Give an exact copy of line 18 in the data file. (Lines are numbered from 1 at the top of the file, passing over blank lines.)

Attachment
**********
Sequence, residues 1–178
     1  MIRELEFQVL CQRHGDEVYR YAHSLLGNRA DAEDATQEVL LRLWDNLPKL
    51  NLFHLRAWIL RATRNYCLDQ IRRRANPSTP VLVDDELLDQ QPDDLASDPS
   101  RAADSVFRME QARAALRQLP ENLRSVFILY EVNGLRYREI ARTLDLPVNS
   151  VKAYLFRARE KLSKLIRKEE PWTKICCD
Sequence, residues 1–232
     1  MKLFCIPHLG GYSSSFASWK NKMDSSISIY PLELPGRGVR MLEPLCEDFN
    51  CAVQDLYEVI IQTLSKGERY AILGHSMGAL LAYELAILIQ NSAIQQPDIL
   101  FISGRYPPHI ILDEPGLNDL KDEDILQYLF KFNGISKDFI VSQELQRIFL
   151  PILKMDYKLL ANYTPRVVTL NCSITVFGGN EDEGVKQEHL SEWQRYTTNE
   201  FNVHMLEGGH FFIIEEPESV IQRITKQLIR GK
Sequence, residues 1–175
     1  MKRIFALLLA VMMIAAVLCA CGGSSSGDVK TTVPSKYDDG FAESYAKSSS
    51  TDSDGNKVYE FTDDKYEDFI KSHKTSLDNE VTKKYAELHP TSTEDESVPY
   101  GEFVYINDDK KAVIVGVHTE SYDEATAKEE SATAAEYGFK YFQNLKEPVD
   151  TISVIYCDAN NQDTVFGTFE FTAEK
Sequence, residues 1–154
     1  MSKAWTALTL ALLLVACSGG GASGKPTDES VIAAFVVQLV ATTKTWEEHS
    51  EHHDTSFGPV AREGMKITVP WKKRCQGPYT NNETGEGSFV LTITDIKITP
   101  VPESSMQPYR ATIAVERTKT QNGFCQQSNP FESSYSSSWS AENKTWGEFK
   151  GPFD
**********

     1  MSKAWTALTL ALLLVACSGG GASGKPTDES VIAAFVVQLV ATTKTWEEHS